Galerie Cécile Fakhoury is pleased to present Aboudia’s new solo exhibition, Tokyo, from 19 June to 28 August 2021. The exhibition will feature new works on canvas and paper, a monumental fresco and a selection of drawings from the artist’s archives.
Some may recognise in Tokyo, the title of the exhibition, a reference to Yopougon, Aboudia’s home district. Unless this Nouchi translation is no longer (or not yet?) relevant, carried away by the ceaseless flow of life that characterises this language and those who speak and invent it every day. That does not matter. The title alone evokes the freedom of Aboudia’s plastic gesture, which draws a world of fluid geography, unreservedly inspired by a constellation of references, where the present is king.
Covering the entire back wall of the gallery, a huge fresco thirteen metres long welcomes the visitor and transports him into another world, that of the district, of the gbaki. In Abidjan, many people speak Nouchi, an Ivorian slang, and almost everyone understands it. However, the language is constantly evolving, new words are created every day. There is no dictionary, no “academy” responsible for validating neologisms, no official network for disseminating new vocabulary. Nouchi never stands still. It never stops being updated. It is within the informality of its existence that this language finds its freedom and manages to remain deeply alive.
Just like Nouchi, Aboudia’s plastic universe is made of perpetual movement, creativity and energy. Aboudia thus invents an aesthetic vocabulary of his own, the strength of which resonates with the varied experiences of different viewers. By not conforming to any code, Aboudia’s work rises above borders to reach a universal form.
His paintings take us on a journey into his world, which is strangely familiar to us. In this world, fantasized otherworlds are inscribed in the reality of the present, and the fourth wall of reality is constantly being destroyed to let in parallel dreams. The impossible has no place here. As the background of the fresco testifies, made up of an assembly of images, articles, photographs or book pages, the artist appropriates what he does not know, makes what is other his own, without waiting for anyone’s permission. His works contain in themselves the extent of his world, its infinity, beyond all limits.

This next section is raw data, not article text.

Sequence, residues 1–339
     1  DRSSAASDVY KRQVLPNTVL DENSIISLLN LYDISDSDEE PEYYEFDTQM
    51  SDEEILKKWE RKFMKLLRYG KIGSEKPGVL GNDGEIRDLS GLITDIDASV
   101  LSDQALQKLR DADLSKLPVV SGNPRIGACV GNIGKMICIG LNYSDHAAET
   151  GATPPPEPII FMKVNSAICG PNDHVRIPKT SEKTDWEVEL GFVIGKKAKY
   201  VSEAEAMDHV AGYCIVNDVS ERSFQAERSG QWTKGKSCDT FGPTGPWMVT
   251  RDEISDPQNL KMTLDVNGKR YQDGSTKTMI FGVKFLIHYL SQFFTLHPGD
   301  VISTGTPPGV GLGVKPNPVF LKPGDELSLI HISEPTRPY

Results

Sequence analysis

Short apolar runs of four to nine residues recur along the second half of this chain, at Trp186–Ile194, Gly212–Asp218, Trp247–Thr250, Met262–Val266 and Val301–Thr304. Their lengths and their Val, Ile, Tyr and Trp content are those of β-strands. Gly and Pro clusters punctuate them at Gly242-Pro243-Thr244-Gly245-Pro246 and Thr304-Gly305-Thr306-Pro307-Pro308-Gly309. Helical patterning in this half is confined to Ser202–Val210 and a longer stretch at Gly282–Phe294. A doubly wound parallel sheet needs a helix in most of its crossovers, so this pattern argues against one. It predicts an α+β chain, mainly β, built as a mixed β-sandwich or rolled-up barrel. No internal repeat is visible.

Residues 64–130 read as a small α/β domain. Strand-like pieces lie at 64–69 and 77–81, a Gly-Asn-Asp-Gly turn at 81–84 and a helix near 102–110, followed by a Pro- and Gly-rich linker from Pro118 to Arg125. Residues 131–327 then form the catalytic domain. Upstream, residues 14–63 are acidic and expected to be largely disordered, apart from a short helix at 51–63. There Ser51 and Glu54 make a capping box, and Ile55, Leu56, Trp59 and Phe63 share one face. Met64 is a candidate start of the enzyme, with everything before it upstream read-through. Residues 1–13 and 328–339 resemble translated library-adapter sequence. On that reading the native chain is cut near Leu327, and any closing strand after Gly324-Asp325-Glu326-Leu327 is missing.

As soon as one enters the exhibition, the spectator is caught up in a frantic and almost hypnotic rhythm, each colour bringing a new pulse, each material a new note to the general tohu bohu. Here cardboard, there children’s clothes. On one side fluorescent and electric colours, on the other dark shades with gloomy accents.
One of the paintings in the exhibition, Au gbaki, stands out for the presence of coloured children’s clothes attached to the canvas, as if echoing the large installation made of kids’ clothes and stuffed animals presented by Aboudia in 2016 in his solo exhibition Môgô Dynasty. The paint drips are reminiscent of the long threads of fabric from that time, and thus testify to the aesthetic and temporal coherence of the artist’s universe.
In Au gbaki the clothes come to life. Immersed in a busy and sonorous atmosphere, young children in colourful clothes play in the streets, the horns of cars sometimes covering their laughter. They wander around in groups, making their first mistakes, forming friendships. Is their story happy or sad? Are we witnessing the first moments of freedom of young people away from the parental gaze or children left to their own devices? The work does not tell us. But it does tell us about the noise, the heat, the energy and the games. It tells of a chaotic euphoria, a life that overflows the very space of the canvas.
“We’ll sleep when we’re dead,” the wide-eyed, disjointedly smiling figures seem to whisper to us as they welcome us. For a moment, we can almost see them emerging from their canvas, walking towards us and inviting us to join their dance, this celebration of life, both frightening and powerful. Although they are not flesh and blood, the characters in Aboudia’s works are undeniably looking at us. Dozens of pairs of eyes observe us, their smile ironic, perhaps mocking. What are we doing standing here?
In the image of Aboudia, his works are indecisive, rebellious. The characters in his paintings do not allow themselves to be fixed or seized. Rather, they amuse themselves by dizzying us with their double outline, by always evading our expectations, our very gaze. Aboudia thus plays with the rules of figuration and abstraction, and those of contemporary art in general. He deconstructs the exhibition space of the white cube, and asserts himself noisily, with all his gang, his gbonhi, in a world that seeks to temper them. Let’s listen to them, they are the dangôrôs* of the upcoming world.